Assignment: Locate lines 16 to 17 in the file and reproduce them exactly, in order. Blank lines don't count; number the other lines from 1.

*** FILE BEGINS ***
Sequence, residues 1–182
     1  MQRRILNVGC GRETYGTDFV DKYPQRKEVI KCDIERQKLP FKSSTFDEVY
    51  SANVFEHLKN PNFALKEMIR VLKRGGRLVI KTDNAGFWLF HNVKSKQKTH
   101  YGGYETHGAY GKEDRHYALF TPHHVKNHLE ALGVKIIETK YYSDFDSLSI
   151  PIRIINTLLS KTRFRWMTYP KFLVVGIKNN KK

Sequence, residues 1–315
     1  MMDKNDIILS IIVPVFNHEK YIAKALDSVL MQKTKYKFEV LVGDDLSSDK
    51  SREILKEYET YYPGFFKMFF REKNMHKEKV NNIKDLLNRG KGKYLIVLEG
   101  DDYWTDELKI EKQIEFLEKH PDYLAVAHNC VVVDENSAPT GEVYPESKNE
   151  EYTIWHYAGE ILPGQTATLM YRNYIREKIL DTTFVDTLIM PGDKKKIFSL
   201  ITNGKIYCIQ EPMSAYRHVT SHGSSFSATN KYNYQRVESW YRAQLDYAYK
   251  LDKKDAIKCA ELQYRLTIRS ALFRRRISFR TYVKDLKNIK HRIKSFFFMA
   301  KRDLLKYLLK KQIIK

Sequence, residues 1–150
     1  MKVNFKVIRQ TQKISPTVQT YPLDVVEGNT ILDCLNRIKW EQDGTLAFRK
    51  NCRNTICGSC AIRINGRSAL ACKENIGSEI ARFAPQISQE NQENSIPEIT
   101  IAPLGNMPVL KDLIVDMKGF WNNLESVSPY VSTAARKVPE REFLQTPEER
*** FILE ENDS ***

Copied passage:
    51  NCRNTICGSC AIRINGRSAL ACKENIGSEI ARFAPQISQE NQENSIPEIT
   101  IAPLGNMPVL KDLIVDMKGF WNNLESVSPY VSTAARKVPE REFLQTPEER